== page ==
A week and a half after the army has seized power the Thailand, the simple act of reading books in public has become an act of resistance used by protesters to make a point. On Saturday about approximately a dozen people had gathered in the most public space of the city, a large and busy elevated walkway which connects some of the most luxurious shopping malls. The protesters sat down with their novels, many reading George Orwell’s Nineteen Eighty-Four, a dystopian fiction about life under totalitarian regime.
This small gathering was an act of defiance against the army which has vowed to crack down on anti-coup protesters. The anti-coup protesters have been demanding a return to civilian rule and elections from the leader of the junta, General Prayuth Chan-ocha. Meanwhile Chan-ocha had stated that the coup was necessary and the military had no choice but to intervene after six months of protests that had crippled the former government. The protests had even caused violence in which 28 people had died while more than 800 were injured.
People are angry, as they fear for saying or doing the wrong thing and then being detained. In some parts of the country holding a sign that calls for peace is enough to be arrested. This means that many who want to express their discontent are unable to do so without risking their freedom. Reading has been found to be an alternative way to resist the current Junta government, the act is not confrontational, while the defiance is subtle. It appears in the titles of the books that were chosen, such as Unarmed Insurrection, The Politics of Despotic Paternalism, and The Power of Non-Violent Means among many others. While the junta government has banned any political gatherings of more than five people, it is unclear what kind of laws, if any, are broken during low-key protests like this one.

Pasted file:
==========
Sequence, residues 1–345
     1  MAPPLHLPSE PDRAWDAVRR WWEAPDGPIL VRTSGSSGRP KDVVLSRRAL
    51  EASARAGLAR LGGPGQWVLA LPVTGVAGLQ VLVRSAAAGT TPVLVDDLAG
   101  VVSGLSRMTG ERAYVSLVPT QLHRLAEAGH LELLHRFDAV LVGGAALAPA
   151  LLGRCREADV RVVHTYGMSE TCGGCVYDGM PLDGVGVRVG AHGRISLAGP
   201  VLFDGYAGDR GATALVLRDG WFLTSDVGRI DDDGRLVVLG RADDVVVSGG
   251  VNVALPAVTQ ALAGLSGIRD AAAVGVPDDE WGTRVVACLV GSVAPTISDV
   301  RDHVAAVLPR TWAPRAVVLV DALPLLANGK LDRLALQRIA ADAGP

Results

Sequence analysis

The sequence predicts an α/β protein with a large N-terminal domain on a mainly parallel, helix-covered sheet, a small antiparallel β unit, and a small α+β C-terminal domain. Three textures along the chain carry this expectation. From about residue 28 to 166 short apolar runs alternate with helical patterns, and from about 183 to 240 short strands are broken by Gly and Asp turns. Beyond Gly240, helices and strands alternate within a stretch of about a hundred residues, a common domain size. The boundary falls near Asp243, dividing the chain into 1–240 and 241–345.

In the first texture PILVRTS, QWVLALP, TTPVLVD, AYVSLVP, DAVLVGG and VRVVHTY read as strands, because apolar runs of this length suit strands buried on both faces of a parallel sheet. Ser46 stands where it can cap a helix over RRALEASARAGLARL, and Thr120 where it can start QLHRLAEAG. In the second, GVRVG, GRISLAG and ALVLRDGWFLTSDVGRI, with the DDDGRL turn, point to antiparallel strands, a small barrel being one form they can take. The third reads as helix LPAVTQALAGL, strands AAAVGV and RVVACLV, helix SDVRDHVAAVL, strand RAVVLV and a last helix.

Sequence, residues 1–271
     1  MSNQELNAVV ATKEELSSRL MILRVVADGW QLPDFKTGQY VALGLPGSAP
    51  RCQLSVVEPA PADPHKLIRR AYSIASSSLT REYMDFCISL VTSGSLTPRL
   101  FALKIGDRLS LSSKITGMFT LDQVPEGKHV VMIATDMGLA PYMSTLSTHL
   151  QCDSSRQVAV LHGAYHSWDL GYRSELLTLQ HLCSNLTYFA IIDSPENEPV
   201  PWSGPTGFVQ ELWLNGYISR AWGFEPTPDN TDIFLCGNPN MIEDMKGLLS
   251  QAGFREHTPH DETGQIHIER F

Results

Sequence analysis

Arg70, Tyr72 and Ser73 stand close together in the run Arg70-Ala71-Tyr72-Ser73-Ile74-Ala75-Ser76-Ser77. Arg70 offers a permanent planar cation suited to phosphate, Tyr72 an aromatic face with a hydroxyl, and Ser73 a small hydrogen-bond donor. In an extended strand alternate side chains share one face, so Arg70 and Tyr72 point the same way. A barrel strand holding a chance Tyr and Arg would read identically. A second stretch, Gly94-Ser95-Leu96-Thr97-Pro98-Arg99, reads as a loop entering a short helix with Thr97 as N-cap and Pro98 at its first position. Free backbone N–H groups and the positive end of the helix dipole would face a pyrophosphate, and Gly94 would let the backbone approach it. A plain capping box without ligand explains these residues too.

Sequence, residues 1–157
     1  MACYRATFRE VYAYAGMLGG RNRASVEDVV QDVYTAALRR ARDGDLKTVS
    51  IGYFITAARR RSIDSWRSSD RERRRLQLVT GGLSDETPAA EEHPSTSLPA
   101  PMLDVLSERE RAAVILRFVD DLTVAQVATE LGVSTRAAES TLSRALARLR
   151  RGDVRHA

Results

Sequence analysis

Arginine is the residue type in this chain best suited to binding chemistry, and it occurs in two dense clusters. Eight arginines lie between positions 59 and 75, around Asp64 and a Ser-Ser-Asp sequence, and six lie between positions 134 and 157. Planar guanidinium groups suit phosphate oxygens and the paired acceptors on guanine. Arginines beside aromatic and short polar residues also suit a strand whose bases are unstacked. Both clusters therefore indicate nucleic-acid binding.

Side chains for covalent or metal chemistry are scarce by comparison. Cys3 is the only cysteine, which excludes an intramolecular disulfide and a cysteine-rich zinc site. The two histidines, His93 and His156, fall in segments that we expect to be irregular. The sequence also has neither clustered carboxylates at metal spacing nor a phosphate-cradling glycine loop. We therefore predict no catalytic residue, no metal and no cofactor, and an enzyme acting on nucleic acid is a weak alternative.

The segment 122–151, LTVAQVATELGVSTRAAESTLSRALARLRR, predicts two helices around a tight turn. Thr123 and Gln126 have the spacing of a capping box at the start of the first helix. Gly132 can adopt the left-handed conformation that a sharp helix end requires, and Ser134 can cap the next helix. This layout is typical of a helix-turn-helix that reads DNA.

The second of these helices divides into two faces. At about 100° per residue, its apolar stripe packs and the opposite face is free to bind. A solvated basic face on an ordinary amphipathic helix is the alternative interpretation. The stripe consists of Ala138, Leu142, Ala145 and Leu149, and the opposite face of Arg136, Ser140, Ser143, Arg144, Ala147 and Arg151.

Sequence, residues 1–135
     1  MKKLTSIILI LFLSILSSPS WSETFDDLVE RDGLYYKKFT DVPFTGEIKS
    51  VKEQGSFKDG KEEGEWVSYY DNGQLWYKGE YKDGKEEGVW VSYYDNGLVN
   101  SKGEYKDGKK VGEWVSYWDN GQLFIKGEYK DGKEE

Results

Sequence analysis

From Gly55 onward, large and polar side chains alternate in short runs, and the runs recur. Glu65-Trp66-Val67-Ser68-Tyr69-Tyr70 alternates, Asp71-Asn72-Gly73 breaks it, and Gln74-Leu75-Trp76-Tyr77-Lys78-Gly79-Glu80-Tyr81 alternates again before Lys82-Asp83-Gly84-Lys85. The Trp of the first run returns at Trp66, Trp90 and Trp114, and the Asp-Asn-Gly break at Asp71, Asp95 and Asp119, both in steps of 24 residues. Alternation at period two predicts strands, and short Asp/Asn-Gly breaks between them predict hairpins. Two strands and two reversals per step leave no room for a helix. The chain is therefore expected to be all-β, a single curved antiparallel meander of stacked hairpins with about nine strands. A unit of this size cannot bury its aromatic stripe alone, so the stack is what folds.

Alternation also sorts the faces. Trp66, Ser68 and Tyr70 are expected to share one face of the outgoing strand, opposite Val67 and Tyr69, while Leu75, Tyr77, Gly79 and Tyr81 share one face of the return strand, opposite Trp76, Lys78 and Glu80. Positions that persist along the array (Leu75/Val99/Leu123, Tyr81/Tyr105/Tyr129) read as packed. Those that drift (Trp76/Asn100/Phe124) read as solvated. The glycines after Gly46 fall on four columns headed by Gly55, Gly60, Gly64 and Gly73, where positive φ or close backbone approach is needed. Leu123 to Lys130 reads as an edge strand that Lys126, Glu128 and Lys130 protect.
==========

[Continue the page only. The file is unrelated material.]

This is a second coup, in Thailand over the past eight years. The elected government had been insisting for many months that the nation’s democracy was under attack from the courts, protesters and even the army.
When the military took over, overturning the elected government, it has made clear that no dissent will be tolerated, since then it has launched a campaign that will silence media, academics and critics of the coup. The junta had issued a warning to all citizens that doing anything that may result in conflict will result in a possible arrest.
In Thailand, over a dozen partisan TV networks were shut down, together with almost 3,000 community radio stations. All of the independent international TV channels such as BBC or CNN have been blocked by the Junta government. On the Internet, more than 300 Web pages were also blocked. All academics and journalists were summoned by the army and forced to turn themselves in. Any potential activists have fled the country.
On Wednesday, Thailand has suffered a sudden interruption of access to Facebook which had fueled widespread speculation in the country that the Junta rulers were testing out their new censorship power. Meanwhile, Chan-ocha insisted that the interruption was just a technical glitch.
While there are only just about 20 people participating in the public book readings, the group has marked Saturday as a third day of such protests. When the gathering was supposed to commence their book readings on Friday, the troops had showed up and the protesters called off the demonstration. In Thailand, books are the only way to resist the current totalitarian government.
By Ivelina Kunina